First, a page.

A lot has been said about the Sedin twins needing to rebound, and why wouldn’t there be? After all, they are the engine that drives the Vancouver Canucks. But there’s one other player that desperately needs to rebound for the Canucks to be successful, and no, it’s not Alex Burrows. It’s the other Alex, Alex Edler.
Simply put, it was an absolutely horrific season for the Swedish defender last year. He posted a plus-minus rating of minus-39, had his worst offensive campaign since the 07-08 season, and he may as well have had an entire section reserved for himself in John Tortorella’s doghouse. He could not have done worse if he tried. It’s hard to believe that this is the same guy that just a couple years ago was named to the NHL All-Star team and posted a 50-point season. That’s the problem with Edler; the talent’s there, the consistency is not. One night he’ll look a Norris winner, the next he’ll look like a sub-par minor league defender.
When he’s on his game he does stuff like this and this. He drives the offensive play, he shuts top players down, he lays out fantastic hits. When he’s off his game he looks panicky, he makes boneheaded decisions and he takes stupid penalties. If the Canucks want to have success this season, Edler will need to be better.
With all the talk about his disastrous defensive play, his lack of offensive production has flown under the radar, but that’s an aspect of his game that has to be drastically better than it was. For a guy known as an offensive-minded defenseman, 22 points isn’t nearly good enough. He’s a player who should push ten goals and 50 points.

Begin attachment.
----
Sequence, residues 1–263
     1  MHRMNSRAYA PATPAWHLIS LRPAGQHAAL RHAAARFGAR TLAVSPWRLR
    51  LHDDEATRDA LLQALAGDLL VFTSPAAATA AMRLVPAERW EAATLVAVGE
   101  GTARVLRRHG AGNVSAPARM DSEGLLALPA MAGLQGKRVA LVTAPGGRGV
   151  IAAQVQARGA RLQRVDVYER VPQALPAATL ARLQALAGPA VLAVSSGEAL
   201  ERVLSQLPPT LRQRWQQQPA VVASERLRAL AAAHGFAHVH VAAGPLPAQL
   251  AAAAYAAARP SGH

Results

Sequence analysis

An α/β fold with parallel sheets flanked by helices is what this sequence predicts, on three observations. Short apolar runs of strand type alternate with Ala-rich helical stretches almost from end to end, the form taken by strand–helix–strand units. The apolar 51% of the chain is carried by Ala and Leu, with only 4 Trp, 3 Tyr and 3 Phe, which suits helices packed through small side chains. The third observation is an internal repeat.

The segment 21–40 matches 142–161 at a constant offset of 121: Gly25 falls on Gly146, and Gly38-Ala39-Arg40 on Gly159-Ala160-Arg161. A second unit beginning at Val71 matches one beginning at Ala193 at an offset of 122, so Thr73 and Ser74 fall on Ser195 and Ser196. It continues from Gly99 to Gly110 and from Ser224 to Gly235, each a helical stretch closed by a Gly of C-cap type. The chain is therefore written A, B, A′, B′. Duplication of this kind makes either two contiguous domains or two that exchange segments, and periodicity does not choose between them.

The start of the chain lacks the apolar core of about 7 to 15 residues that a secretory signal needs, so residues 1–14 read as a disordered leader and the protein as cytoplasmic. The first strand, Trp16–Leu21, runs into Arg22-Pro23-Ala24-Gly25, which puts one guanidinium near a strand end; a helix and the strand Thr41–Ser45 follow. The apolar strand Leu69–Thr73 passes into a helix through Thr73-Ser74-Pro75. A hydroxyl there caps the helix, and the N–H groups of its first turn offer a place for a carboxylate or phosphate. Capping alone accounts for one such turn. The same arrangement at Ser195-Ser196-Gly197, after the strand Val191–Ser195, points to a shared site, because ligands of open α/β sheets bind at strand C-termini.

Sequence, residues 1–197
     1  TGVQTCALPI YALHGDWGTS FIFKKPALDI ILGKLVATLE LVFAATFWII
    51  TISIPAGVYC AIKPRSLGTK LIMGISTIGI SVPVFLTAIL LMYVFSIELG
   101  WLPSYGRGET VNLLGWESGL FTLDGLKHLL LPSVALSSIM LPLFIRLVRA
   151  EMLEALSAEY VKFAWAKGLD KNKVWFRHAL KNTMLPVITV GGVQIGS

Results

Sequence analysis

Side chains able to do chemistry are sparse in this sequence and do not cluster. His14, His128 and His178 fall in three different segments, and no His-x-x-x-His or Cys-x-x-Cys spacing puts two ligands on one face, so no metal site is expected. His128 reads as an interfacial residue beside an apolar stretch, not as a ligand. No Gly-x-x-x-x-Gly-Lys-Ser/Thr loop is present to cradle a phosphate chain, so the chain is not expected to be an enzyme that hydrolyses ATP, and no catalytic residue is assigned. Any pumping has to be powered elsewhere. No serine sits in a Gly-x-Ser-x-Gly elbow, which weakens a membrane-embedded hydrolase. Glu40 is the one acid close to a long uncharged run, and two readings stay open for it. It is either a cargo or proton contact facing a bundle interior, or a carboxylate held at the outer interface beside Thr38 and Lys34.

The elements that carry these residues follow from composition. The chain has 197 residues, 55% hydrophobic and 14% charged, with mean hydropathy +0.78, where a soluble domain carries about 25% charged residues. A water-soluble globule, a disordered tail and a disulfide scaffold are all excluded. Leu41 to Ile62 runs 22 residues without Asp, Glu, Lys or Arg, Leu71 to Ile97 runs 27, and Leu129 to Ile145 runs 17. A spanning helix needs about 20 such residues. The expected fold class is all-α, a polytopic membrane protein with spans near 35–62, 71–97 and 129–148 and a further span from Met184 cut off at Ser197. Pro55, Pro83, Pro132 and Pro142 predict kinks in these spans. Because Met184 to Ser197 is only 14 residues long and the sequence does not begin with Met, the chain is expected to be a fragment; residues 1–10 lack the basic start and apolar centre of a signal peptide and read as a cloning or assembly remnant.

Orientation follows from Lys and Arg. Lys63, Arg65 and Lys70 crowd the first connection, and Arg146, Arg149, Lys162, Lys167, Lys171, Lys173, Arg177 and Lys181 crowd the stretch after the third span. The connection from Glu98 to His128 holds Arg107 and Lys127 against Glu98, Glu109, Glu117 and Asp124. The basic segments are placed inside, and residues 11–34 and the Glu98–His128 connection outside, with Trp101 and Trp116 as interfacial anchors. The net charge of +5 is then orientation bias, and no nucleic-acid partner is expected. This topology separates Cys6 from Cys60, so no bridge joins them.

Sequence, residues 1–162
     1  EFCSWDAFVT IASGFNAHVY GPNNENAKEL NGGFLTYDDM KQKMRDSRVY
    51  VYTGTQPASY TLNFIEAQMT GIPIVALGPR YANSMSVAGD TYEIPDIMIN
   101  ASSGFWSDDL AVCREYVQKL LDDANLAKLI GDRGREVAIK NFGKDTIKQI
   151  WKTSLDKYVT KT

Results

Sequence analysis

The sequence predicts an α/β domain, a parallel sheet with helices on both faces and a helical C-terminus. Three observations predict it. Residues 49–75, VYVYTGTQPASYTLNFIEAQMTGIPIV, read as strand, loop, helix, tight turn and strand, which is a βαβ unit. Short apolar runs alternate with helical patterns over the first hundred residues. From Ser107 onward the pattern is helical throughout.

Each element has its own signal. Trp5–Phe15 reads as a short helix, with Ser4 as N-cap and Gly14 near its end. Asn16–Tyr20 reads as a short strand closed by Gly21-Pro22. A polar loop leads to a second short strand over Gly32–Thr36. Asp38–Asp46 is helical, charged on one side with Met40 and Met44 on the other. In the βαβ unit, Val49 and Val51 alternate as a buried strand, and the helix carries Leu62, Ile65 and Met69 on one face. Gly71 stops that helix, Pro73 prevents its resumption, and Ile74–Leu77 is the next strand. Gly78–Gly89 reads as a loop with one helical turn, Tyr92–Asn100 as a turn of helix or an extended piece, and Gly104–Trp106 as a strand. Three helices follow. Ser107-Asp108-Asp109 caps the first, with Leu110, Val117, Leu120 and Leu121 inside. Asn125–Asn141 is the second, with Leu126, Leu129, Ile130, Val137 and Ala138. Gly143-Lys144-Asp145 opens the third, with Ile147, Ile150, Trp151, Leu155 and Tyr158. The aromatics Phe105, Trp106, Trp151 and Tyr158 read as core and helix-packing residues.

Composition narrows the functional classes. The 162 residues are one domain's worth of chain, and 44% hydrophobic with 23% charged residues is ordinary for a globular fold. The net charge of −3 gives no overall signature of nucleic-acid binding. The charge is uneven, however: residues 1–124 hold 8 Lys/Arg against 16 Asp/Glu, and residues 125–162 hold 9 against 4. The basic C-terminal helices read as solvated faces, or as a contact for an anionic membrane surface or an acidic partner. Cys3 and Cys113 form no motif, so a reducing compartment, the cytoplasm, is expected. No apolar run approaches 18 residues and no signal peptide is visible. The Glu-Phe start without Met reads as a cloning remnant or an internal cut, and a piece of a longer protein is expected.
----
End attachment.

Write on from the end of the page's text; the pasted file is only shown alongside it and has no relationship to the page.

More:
Under Willie Desjardins, Edler’s numbers should improve drastically. Tortorella and Edler was like trying to put a square peg in a round hole, they just don’t work. Tortorella’s system was one that relied heavily on strong positional play and structure, whereas Edler’s game is one that requires a lot more freedom. On the other hand, Desjardins’ uptempo style fits Edler to a tee, and with uptempo hockey comes more offence. Edler should thrive in this environment.
Another issue last season, not just for Edler, but for the entire Canucks D core, was the rotating door of partners. Lots of that was due to injuries, which the Canucks certainly piled up on the back-end last season, but it was also because precious few defenders were able to gel with each other. Now with everyone healthy, it looks like the Edler will get a chance to play with the durable Chris Tanev. Why is that a good thing? Edler has played his best hockey alongside calming veteran Sami Salo, and Tanev conveys that same calmness in his play. That’s a promising defense pair for Vancouver.
So what impact does Edler have on the Canucks? Well, when he’s playing well, the Canucks seem to win because he’s dominating. When he’s not playing well, the Canucks tend to lose, because he more or less hands the opposing team goals on a silver platter. Having a bounce back year is crucial to the Canucks success.
Now two games into the 2014-15 campaign, Edler seems to have re-found himself. He looks poised, he looks calm, he looks like All-Star Edler. Now, two games is a small sample size, but it looks promising so far. Whatever the case may be, the successes or failures of Alexander Edler will be pivotal to the successes or failures of his hockey club.
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